Helicopter crash New York City: Pilot killed crash wasn’t licensed to fly in bad weather – CBS News

New information about NYC helicopter crash

The pilot eliminated Monday when his helicopter slammed into the roof of a New York City skyscraper was not authorized to fly in restricted exposure, according to his pilot certification, raising concerns about why he removed in fog and stable rain. Tim McCormack, 58, was just accredited to fly under policies called visual flight rules, which require usually great weather condition and clear conditions, according to the Federal Aviation Administration (FAA).

The guidelines need a minimum of 3 miles of presence which the sky is clear of clouds for daytime flights. The visibility at the time of Monday’s crash had to do with 1 1/4 miles at neighboring Central Park, with low clouds blanketing the horizon.

McCormack was not licensed to utilize instruments to assist fly through cloudy or bad weather, the FAA stated.

The crash in the tightly controlled airspace of midtown Manhattan shook the 750- foot AXA Equitable building, obliterated the Agusta A109 E helicopter, sparked a fire and required workplace employees to run away.

It quickly activated memories of 9/11 and fears of a terrorist attack, however authorities stated there is no sign the crash was purposeful. At a National Transport Security Board rundown Tuesday, air security detective Doug Brazy stated that McCormack had actually come to a heliport on New york city City’s East River after a journey bring one traveler from nearby Westchester County.

The guest told investigators there was nothing uncommon about the 15- minute flight, Brazy stated.

Firefighters are seen after a helicopter crash-landed on top of a building in midtown Manhattan in New york city on June 10, 2019.

Johannes Eisele/ AFP/Getty.

McCormack waited at the heliport for about two hours and reviewed the weather prior to taking off on what was supposed to be a journey to the helicopter’s home airport in Linden, New Jersey, Brazy said.

That journey would have taken the helicopter south, over the city’s harbor and past the Statue of Liberty.

Detectives were reviewing video posted on social media Monday afternoon showing a helicopter that detectives believe is the doomed chopper pausing and hovering a short distance south of the heliport, then turning and making an irregular flight back north through rain and clouds.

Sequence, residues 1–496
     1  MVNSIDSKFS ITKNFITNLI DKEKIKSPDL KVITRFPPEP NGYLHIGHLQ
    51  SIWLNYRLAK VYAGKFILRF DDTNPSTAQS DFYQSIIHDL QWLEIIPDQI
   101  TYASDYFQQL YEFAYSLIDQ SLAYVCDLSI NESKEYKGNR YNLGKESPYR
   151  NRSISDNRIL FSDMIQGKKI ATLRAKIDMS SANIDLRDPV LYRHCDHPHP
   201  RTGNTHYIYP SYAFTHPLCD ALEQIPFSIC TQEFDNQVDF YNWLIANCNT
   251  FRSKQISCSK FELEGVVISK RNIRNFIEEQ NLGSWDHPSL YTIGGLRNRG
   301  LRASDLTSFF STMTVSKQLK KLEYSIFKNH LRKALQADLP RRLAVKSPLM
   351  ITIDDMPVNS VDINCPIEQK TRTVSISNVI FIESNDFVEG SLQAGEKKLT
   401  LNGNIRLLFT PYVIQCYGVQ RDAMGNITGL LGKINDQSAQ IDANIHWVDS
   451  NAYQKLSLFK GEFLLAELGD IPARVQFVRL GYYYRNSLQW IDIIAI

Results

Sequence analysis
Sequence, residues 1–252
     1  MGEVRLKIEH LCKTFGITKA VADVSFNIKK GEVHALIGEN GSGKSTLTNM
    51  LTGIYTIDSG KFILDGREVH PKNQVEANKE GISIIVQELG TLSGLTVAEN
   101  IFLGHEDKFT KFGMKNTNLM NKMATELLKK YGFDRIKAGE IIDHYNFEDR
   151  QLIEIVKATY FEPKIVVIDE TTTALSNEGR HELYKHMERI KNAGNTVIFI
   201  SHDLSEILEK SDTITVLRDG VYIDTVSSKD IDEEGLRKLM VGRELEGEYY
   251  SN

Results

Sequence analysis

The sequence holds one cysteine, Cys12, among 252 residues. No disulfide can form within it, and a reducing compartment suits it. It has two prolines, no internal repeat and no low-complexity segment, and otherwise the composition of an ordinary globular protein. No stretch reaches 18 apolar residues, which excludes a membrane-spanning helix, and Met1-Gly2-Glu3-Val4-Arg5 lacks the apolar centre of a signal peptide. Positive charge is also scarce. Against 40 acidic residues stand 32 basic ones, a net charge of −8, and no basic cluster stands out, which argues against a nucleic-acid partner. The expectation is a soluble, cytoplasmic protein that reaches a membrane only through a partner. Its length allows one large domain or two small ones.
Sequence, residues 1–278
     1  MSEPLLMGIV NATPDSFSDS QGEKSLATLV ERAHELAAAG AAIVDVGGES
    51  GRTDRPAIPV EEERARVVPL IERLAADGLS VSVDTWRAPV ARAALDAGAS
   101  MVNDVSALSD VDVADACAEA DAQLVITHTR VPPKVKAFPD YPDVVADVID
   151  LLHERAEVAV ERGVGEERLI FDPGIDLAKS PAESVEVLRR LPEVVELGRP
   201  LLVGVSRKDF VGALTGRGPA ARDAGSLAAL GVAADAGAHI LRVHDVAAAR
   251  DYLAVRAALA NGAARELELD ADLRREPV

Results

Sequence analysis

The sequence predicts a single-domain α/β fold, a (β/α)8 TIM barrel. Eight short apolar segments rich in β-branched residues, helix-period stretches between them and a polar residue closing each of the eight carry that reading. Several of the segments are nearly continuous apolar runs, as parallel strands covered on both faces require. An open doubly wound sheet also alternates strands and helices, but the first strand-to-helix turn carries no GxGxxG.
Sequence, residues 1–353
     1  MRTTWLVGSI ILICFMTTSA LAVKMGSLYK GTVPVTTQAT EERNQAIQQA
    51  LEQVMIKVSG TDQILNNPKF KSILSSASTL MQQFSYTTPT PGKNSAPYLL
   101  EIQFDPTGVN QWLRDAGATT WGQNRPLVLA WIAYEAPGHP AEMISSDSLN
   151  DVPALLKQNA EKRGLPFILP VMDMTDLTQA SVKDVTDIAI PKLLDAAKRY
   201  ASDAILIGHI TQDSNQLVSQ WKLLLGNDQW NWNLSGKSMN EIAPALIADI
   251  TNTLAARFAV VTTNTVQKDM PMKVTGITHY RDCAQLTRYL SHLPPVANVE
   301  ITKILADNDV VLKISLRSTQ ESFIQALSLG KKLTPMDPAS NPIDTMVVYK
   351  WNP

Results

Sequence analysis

The helicopter struck the Manhattan tower about 11 minutes after taking off, in a location where flights aren’t supposed to happen.

A flight restriction in result since President Trump took workplace prohibits airplane from flying below 3,000 feet within a 1-mile radius of Trump Tower, just a few blocks from the crash website.

Helicopters going in and out of the heliport, on East 34 th Street, are just enabled to fly in the restricted area if they have consent and are in constant interaction with air traffic control.

Brazy said the pilot never made such a demand and didn’t call air traffic control, although private investigators were attempting to validate reports that McCormack had made radio contacts us to somebody simply prior to the crash. Brazy said McCormack’s planned path to Linden wouldn’t have needed him to get in touch with air traffic control service.

Asked if the weather may have played an element, Brazy stated “it is certainly among the most fascinating concerns we have.”

” Should the helicopter have been flying? I do not understand yet,” he said.

Brazy said the helicopter was not equipped with a flight data recorder or a cockpit voice recorder.

McCormack was a previous fire chief in upstate Clinton Corners, New York. With 15 years of experience flying helicopters and single-engine aircrafts, he was licensed as a flight instructor in 2015, according to FAA records.

The East Clinton Volunteer Fire Department posted on Facebook that McCormack’s “technical understanding and capability to command an emergency were extraordinary.”

Linden airport director Paul Dudley described McCormack as “a highly seasoned” and “extremely well related to” pilot.

Brazy stated a salvage team expected to begin eliminating the wreckage from the roofing system by Tuesday night, possibly by taking pieces down the stairs and elevator. It will be moved to a safe and secure place for further examination, he stated.

” The area– within the city and on top of the roofing of a structure– is probably the biggest difficulty in the investigation,” Brazy stated.

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